"True science and true religion," says Professor Huxley at the close of a recent course of lectures, "are twin-sisters, and the separation of either from the other is sure to prove the death of both. Science prospers exactly in proportion as it is religious; and religion flourishes in exact proportion to the scientific depth and firmness of its basis. The great deeds of philosophers have been less the fruit of their intellect than of the direction of that intellect by an eminently religious tone of mind. Truth has yielded herself rather to their patience, their love, their single-heartedness, and their self-denial, than to their logical acumen."
So far from science being irreligious, as many think, it is the neglect of science that is irreligious—it is the refusal to study the surrounding creation that is irreligious. Take a humble simile. Suppose a writer were daily saluted with praises couched in superlative language. Suppose the wisdom, the grandeur, the beauty of his works, were the constant topics of the eulogies addressed to him. Suppose those who unceasingly uttered these eulogies on his works were content with looking at the outsides of them; and had never opened them, much less tried to understand them. What value should we put upon their praises? What should we think of their sincerity? Yet, comparing small things to great, such is the conduct of mankind in general, in reference to the Universe and its Cause. Nay, it is worse. Not only do they pass by without study, these things which they daily proclaim to be so wonderful; but very frequently they condemn as mere triflers those who give time to the observation of Nature—they actually scorn those who show any active interest in these marvels. We repeat, then, that not science, but the neglect of science, is irreligious. Devotion to science, is a tacit worship—a tacit recognition of worth in the things studied; and by implication in their Cause. It is not a mere lip-homage, but a homage expressed in actions—not a mere professed respect, but a respect proved by the sacrifice of time, thought, and labour.
Nor is it thus only that true science is essentially religious. It is religious, too, inasmuch as it generates a profound respect for, and an implicit faith in, those uniformities of action which all things disclose. By accumulated experiences the man of science acquires a thorough belief in the unchanging relations of phenomena—in the invariable connection of cause and consequence—in the necessity of good or evil results. Instead of the rewards and punishments of traditional belief, which people vaguely hope they may gain, or escape, spite of their disobedience; he finds that there are rewards and punishments in the ordained constitution of things; and that the evil results of disobedience are inevitable. He sees that the laws to which we must submit are both inexorable and beneficent. He sees that in conforming to them, the process of things is ever towards a greater perfection and a higher happiness. Hence he is led constantly to insist on them, and is indignant when they are disregarded. And thus does he, by asserting the eternal principles of things and the necessity of obeying them, prove himself intrinsically religious.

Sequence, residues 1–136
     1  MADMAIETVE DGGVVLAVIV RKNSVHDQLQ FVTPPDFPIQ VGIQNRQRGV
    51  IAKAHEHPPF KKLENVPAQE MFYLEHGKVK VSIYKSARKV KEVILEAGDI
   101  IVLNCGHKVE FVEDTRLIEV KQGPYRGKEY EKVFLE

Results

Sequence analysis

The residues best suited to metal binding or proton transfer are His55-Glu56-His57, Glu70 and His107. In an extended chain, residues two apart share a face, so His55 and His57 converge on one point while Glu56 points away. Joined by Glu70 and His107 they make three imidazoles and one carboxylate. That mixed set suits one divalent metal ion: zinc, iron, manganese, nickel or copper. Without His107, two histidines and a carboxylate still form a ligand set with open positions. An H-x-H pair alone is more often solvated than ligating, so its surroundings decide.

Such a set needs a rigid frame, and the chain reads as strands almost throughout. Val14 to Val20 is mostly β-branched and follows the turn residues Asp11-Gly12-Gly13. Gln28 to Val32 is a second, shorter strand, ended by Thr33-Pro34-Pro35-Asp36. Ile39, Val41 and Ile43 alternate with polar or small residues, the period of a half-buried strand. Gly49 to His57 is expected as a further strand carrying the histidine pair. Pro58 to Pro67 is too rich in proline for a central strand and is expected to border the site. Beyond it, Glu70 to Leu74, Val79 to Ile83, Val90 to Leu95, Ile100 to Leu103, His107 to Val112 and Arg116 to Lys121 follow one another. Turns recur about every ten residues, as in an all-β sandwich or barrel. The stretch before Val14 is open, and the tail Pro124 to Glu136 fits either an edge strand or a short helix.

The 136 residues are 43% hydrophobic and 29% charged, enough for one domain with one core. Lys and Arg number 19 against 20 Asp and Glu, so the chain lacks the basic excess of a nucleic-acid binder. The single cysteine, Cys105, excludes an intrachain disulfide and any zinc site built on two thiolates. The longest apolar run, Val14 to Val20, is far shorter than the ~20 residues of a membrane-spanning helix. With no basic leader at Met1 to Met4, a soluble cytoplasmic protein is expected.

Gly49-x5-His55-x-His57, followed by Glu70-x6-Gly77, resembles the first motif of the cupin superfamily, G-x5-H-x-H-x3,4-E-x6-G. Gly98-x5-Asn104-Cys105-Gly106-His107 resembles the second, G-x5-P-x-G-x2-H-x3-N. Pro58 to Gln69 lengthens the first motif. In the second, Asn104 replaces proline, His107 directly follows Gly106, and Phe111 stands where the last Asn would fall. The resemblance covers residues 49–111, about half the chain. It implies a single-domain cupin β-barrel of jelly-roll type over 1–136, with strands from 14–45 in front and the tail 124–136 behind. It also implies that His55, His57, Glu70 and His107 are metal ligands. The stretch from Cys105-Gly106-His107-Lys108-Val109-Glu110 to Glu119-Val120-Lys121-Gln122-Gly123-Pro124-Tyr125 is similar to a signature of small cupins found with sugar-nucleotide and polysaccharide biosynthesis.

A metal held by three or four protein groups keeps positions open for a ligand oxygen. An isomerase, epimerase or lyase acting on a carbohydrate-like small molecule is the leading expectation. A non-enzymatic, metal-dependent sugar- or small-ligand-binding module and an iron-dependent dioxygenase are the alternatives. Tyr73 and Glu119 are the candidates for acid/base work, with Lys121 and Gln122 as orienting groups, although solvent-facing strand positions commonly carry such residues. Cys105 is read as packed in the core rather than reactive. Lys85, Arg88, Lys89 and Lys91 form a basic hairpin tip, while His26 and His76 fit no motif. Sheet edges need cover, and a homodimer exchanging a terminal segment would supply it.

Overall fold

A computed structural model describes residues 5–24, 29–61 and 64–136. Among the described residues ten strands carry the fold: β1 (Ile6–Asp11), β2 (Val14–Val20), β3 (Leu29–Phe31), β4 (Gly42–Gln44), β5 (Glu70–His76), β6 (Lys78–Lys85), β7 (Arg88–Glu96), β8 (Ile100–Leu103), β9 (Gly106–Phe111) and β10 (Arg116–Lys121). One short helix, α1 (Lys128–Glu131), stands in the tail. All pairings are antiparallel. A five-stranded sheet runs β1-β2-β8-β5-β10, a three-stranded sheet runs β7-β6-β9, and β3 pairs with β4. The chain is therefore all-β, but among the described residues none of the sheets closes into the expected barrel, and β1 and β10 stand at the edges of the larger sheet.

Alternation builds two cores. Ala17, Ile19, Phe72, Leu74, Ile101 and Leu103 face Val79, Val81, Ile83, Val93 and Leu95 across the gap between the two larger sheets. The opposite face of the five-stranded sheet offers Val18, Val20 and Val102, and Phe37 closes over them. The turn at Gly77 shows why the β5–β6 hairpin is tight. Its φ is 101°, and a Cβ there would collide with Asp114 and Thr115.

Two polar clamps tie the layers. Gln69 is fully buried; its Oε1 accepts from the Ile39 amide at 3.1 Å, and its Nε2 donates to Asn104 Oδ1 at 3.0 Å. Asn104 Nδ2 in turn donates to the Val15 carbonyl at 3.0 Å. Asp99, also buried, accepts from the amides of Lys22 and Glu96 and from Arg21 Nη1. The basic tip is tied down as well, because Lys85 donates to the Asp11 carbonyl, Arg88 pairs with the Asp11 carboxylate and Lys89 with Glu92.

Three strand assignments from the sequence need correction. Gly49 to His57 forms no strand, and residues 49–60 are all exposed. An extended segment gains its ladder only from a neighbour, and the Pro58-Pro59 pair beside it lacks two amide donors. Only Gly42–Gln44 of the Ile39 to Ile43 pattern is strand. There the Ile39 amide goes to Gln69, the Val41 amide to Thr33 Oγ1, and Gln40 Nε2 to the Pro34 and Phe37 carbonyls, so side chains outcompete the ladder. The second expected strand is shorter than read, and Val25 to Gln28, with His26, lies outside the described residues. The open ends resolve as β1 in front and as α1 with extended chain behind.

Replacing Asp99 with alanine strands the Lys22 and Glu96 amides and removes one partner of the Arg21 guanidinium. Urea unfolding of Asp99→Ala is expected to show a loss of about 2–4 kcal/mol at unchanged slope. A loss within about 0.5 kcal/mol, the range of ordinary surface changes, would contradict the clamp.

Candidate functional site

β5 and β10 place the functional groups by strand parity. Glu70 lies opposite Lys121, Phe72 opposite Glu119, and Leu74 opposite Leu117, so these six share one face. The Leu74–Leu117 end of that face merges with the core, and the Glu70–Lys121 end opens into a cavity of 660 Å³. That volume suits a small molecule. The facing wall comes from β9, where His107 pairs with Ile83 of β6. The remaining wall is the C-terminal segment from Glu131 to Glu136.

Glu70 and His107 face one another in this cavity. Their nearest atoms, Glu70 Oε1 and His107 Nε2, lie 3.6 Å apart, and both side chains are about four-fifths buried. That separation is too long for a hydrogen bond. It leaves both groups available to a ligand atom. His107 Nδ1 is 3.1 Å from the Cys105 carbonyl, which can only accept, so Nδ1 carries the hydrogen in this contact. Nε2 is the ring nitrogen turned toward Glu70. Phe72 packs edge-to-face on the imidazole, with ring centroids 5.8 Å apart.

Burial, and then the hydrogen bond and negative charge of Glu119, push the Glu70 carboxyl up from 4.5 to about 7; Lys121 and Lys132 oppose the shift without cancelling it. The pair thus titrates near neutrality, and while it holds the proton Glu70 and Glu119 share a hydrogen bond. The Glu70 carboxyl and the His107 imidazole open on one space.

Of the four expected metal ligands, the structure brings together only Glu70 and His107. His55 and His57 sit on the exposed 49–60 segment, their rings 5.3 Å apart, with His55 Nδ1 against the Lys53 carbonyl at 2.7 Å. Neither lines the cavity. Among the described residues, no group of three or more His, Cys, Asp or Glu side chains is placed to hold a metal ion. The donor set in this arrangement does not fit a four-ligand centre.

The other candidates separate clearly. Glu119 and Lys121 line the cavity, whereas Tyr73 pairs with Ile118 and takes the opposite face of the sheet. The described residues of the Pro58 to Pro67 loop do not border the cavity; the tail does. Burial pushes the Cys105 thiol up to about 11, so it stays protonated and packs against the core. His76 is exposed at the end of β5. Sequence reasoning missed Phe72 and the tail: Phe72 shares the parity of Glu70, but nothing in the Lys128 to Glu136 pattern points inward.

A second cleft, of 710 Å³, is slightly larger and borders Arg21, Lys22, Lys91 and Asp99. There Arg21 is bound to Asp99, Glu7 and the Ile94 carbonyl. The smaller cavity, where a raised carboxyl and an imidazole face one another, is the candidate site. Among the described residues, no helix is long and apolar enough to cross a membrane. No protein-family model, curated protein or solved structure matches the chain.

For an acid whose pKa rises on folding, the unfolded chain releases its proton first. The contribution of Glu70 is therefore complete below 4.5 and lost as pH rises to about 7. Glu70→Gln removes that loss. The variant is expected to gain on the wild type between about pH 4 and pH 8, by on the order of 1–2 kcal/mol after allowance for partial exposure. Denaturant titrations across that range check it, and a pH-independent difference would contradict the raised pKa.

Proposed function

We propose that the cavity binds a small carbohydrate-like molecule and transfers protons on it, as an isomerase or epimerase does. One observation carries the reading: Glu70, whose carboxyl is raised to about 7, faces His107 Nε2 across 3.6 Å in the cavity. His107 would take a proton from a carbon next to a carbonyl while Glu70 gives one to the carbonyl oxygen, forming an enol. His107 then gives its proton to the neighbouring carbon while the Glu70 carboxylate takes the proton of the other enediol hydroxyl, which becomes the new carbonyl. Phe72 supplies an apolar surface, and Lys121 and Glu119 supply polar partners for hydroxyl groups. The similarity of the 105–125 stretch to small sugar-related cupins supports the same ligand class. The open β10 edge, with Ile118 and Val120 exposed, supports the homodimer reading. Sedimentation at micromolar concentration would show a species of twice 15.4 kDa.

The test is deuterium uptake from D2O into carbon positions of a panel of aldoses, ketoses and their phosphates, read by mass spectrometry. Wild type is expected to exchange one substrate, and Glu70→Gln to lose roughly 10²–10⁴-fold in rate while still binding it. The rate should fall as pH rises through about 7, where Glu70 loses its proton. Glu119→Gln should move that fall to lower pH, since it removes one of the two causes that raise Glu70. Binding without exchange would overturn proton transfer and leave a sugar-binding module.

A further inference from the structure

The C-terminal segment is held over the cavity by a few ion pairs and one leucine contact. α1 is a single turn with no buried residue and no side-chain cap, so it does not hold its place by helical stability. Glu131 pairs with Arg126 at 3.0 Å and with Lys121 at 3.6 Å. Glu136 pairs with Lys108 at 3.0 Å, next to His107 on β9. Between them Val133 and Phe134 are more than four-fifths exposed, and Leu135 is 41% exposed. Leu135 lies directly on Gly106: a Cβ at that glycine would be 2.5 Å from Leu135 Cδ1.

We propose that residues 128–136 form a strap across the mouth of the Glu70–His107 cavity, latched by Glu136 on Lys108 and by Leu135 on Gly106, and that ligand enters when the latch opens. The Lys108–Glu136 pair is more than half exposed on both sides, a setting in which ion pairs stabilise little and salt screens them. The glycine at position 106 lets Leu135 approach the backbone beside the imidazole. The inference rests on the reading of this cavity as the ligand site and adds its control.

Add lastly the further religious aspect of science, that it alone can give us true conceptions of ourselves and our relation to the mysteries of existence. At the same time that it shows us all which can be known, it shows us the limits beyond which we can know nothing. Not by dogmatic assertion, does it teach the impossibility of comprehending the Ultimate Cause of things; but it leads us clearly to recognise this impossibility by bringing us in every direction to boundaries we cannot cross. It realises to us in a way which nothing else can, the littleness of human intelligence in the face of that which transcends human intelligence. While towards the traditions and authorities of men its attitude may be proud, before the impenetrable veil which hides the Absolute its attitude is humble—a true pride and a true humility. Only the sincere man of science (and by this title we do not mean the mere calculator of distances, or analyser of compounds, or labeller of species; but him who through lower truths seeks higher, and eventually the highest)—only the genuine man of science, we say, can truly know how utterly beyond, not only human knowledge but human conception, is the Universal Power of which Nature, and Life, and Thought are manifestations.
We conclude, then, that for discipline, as well as for guidance, science is of chiefest value. In all its effects, learning the meanings of things, is better than learning the meanings of words. Whether for intellectual, moral, or religious training, the study of surrounding phenomena is immensely superior to the study of grammars and lexicons.